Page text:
Beathard: Keeping a cautious sense of humor
Generally speaking, I’ve always considered widespread panic over some new or weird disease a little silly. The images of masses of people wearing masks out of fear of avian flu comes to mind — probably a good idea in certain parts of the world, but never enough of a risk in mine for the paranoia to seem reasonable.
People often criticize the media during events like this, saying it’s blowing things out of proportion with its coverage. So far most of the articles I’ve read about Ebola have been informative and have actually served to calm fears. But then again, I’m checking the Dallas Morning News, not tuning into CNN or following every link I see on Twitter. I think right now while we’re still learning about this disease, more information is better than none, at least for this Dallas girl, who’s also trying to plan a visit home soon.
Not to be one of those journalists spreading panic, but as a person, I’m starting to get a little worried about the presence of the Ebola virus in Dallas. For the first time, one of those scary diseases is hitting rather close to home, and while I’m not panicking, I am finding myself checking in with folks and reading up on any Ebola news emerging from Dallas.
The first people I thought of were obviously my parents and their proximity to what was happening, which is a pretty good distance. But now, a nurse at Texas Health Presbyterian Hospital who was caring for the Liberian Ebola victim has been diagnosed with the disease, and she turns out to be a girl I went to school with in ninth grade.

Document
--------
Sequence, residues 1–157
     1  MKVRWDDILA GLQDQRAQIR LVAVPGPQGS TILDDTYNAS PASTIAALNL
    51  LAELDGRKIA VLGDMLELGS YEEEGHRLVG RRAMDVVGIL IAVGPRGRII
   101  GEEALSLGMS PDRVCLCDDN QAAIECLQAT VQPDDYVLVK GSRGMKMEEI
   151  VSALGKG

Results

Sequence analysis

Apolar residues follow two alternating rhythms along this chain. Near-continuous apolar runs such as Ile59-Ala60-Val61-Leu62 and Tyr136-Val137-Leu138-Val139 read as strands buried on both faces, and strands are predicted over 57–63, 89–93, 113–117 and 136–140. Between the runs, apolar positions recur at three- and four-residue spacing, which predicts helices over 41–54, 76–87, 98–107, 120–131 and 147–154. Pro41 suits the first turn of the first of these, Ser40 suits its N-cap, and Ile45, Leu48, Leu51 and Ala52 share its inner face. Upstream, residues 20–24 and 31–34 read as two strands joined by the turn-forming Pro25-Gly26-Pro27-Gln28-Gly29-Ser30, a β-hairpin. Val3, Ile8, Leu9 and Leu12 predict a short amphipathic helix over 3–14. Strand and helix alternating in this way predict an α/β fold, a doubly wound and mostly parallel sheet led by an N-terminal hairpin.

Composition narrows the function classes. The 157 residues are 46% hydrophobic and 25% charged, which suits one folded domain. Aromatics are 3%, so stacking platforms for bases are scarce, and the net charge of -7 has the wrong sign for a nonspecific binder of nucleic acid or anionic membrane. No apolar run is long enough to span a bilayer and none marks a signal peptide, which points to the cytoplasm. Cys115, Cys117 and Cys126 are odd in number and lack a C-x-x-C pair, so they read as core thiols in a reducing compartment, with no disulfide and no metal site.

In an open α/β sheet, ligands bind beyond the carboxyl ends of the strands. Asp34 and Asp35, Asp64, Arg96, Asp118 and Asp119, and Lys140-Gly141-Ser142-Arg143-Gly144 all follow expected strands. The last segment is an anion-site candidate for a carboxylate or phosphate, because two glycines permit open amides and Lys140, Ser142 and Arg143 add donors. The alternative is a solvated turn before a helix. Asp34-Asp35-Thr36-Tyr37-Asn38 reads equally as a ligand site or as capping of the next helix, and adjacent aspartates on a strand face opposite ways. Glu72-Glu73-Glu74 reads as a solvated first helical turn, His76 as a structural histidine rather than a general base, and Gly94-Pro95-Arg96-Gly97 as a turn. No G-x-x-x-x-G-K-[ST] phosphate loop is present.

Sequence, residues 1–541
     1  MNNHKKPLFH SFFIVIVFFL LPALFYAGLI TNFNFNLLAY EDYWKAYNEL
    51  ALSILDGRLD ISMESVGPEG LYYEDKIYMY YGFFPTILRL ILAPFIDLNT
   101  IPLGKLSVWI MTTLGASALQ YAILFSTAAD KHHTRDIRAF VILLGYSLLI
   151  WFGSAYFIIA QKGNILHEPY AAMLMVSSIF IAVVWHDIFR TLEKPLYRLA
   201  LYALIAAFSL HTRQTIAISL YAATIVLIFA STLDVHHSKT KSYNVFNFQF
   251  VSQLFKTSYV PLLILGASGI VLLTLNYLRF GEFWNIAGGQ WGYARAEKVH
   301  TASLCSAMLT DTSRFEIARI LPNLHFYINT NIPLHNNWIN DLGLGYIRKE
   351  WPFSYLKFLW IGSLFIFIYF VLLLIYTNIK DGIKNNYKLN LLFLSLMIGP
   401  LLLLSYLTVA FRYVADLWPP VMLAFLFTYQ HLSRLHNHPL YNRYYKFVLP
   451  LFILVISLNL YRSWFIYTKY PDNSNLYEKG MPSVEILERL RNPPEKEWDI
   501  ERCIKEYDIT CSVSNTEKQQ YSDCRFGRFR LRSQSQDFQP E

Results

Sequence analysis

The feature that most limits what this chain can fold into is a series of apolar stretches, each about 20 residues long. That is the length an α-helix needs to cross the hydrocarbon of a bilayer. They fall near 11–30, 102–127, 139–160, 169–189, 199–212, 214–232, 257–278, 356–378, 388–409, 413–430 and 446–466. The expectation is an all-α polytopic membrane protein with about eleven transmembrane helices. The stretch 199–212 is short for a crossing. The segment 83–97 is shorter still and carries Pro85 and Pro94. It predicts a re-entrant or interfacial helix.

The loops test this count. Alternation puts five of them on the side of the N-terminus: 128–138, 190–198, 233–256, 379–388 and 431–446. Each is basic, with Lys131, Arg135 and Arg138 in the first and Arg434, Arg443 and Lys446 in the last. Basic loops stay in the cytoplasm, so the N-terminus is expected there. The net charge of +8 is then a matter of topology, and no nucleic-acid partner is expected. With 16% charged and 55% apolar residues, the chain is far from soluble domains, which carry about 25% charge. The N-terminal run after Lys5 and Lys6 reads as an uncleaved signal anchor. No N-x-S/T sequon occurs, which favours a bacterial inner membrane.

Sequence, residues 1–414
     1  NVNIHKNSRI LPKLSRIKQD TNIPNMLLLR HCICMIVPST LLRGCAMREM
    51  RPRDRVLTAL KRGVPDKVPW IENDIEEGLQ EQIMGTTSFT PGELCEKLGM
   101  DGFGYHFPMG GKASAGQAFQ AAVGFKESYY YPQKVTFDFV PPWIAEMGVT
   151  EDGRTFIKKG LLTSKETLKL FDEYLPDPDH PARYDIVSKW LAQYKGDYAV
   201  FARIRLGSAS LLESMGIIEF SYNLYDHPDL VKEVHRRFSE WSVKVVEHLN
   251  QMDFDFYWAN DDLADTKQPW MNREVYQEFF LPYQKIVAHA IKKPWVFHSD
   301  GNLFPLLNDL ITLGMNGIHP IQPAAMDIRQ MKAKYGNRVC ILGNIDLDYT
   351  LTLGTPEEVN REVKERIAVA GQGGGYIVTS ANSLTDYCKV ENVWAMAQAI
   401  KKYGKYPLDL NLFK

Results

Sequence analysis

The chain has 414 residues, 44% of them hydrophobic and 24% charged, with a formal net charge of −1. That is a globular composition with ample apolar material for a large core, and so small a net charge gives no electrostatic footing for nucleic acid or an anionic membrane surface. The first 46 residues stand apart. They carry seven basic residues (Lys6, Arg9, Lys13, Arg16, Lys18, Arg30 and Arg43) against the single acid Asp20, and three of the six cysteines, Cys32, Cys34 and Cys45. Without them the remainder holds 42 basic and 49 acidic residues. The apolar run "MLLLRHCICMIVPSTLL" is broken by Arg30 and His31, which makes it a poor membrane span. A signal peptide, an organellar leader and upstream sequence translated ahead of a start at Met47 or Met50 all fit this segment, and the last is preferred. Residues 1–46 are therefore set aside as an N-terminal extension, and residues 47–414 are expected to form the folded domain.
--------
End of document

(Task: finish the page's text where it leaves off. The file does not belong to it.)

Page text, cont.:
Maybe this isn’t interesting to anyone here, but it’s becoming a real concern for me. It’s pretty scary that it spread to even one other person, especially someone who should have been taking a lot of precautions while interacting with that patient. Meanwhile, we don’t know if any other hospital staff members are walking around with the disease, and one of my closest friends lives in the neighborhood around Texas Health Presbyterian.
That same friend is also talking about being Patient Zero for Halloween. Probably not the most politically correct costume you could choose, but hey, a sense of humor goes a long way in situations like this. Because as serious as the disease is, and while I am earnestly trying to keep up with it, you can’t live in fear.
Take nurse Nina Pham for example. From the sound of it, she’s staying in good spirits, communicating with friends and family via Skype and phone from isolation. Medical professionals trying to treat this disease do so at great risk, but it’s their job, and an admirable one at that. Sick as she is, she is still doing her job by trying to help the hospital find out how she got sick, and she did the responsible thing and drove herself to the hospital when she had a low-grade fever. She has a lot of people rooting for her, and I hope and pray she recovers.
Jill Beathard is the editor at the Snowmass Sun. Contact her at email@example.com.
Support Local Journalism
Support Local Journalism
Readers around Aspen and Snowmass Village make the Aspen Times’ work possible. Your financial contribution supports our efforts to deliver quality, locally relevant journalism.
Now more than ever, your support is critical to help us keep our community informed about the evolving coronavirus pandemic and the impact it is having locally. Every contribution, however large or small, will make a difference.
Each donation will be used exclusively for the development and creation of increased news coverage.